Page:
Health consciousness is a prominent feature of the 21st century. In the past decade, great emphasis has been laid on what to eat; more so on what not to eat. A whole gamut of diets has emerged, with people constantly trying to strike a balance between a perfect figure and a healthy lifestyle. Dietitians belonging to various schools of thought and swearing by certain diets for weight loss, for perfect skin and hair and for a healthy heart have created a skewed notion of healthy and unhealthy food. As a result, we now have jumbled up diets that have sacrificed many essential foods at the altar of ‘dieting’, a term that has acquired a negative connotation in the bargain. Here are some foods that you thought were bad for you but actually aren’t.
Chocolate is probably the most notorious foodstuff in weight loss and skin-related diets, probably because chocolate is widely used in desserts such as cakes, ice-creams and puddings which contain large amounts of sugar, butter and other saturated fats. However, dark chocolate in small quantities is actually instrumental in maintaining cardiovascular activity. Chocolate reduces the risk of Coronary Heart Disease (CHD), thus maintaining cholesterol and making heart strokes less likely to occur. Dark chocolate also contains antioxidants that decelerate the aging process and reduce the risk of cancer. Chocolate is also believed to release serotonins in the blood which uplift the mood. Besides, dark chocolate contains high amounts of vitamins and minerals such as potassium and iron.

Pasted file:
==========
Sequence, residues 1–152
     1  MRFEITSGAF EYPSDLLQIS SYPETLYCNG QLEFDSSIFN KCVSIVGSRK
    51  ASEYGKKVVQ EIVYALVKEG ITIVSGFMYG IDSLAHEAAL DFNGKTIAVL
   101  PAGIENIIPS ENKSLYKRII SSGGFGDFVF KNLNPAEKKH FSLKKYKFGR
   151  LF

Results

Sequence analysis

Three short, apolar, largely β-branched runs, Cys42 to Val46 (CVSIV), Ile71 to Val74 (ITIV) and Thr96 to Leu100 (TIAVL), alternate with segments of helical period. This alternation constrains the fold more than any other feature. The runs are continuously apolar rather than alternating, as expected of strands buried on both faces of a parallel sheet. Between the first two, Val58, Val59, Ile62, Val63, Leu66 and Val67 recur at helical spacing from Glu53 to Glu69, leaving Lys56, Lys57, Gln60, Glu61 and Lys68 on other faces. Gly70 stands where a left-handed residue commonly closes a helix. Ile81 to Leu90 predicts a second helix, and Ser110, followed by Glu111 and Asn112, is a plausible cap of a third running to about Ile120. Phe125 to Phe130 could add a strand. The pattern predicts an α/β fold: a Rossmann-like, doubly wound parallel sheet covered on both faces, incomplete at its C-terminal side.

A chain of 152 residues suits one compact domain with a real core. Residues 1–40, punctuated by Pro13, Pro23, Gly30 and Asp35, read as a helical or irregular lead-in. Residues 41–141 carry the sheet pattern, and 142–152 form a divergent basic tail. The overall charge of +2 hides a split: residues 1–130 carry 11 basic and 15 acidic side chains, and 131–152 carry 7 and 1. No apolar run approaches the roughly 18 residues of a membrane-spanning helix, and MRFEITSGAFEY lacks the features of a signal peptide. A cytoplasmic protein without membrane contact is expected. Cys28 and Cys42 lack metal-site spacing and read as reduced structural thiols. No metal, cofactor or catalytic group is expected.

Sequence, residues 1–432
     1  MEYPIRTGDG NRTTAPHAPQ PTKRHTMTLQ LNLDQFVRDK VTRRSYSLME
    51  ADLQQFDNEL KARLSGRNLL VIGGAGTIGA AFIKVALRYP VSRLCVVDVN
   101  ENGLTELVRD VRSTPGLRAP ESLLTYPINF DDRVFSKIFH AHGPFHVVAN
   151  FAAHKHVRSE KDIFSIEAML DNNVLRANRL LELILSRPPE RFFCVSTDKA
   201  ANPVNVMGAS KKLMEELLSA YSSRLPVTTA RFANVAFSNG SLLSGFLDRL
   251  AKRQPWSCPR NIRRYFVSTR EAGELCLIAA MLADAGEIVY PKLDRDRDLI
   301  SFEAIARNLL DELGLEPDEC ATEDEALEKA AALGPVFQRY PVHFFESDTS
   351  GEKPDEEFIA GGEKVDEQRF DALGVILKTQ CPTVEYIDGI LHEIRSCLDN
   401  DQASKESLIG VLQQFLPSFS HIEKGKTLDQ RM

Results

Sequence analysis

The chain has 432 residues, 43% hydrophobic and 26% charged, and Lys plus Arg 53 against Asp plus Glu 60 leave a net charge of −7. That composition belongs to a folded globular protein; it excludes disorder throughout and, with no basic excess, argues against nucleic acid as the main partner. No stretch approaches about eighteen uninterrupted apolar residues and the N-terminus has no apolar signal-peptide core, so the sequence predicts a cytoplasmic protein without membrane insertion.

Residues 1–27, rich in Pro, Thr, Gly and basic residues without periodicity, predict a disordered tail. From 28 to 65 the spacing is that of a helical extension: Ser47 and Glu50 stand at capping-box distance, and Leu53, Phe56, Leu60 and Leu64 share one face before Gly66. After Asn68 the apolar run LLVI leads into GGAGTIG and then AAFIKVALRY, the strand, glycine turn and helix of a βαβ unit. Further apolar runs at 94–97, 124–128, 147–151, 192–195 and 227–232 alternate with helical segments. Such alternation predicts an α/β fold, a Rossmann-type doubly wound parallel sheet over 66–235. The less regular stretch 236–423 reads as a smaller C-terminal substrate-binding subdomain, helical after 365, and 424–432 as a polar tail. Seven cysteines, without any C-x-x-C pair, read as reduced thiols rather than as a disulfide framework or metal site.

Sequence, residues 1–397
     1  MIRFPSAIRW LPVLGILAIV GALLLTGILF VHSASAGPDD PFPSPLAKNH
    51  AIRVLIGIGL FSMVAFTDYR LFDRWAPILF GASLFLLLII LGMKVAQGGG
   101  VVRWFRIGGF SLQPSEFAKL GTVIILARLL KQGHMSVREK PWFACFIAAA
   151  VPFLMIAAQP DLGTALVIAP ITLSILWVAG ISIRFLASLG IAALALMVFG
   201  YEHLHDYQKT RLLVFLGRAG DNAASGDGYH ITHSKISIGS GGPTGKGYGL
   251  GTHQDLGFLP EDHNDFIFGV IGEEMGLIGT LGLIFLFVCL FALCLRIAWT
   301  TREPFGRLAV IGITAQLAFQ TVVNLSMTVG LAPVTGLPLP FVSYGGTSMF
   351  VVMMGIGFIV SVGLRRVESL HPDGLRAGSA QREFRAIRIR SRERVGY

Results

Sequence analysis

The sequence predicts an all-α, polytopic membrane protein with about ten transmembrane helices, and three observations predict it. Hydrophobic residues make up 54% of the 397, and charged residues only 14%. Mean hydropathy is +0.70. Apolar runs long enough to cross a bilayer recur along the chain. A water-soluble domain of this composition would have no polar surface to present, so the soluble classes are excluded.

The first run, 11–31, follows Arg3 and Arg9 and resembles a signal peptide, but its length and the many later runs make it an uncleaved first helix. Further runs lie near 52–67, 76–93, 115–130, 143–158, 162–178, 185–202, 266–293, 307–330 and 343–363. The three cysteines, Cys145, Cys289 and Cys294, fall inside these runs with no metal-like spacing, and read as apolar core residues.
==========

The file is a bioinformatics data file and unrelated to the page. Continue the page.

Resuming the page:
With stress levels running high and sleep-cycles being disturbed left, right and center, most people require a regular dose of coffee to kick-start the day. Whereas excess consumption of coffee is highly deteriorating to the brain tissue, a moderate consumption of coffee is miraculous for the heart, reducing the risk of heart failure by over 10.9%. According to the Harvard Health Letter (2012 issue), a research conducted in 2011 showed that the consumption of coffee dramatically reduced the probability of clinical depression in adult women and of prostate cancer in adult men. Studies are being conducted to also explore the possible effects of coffee against Parkinson’s disease and Type 2 Diabetes.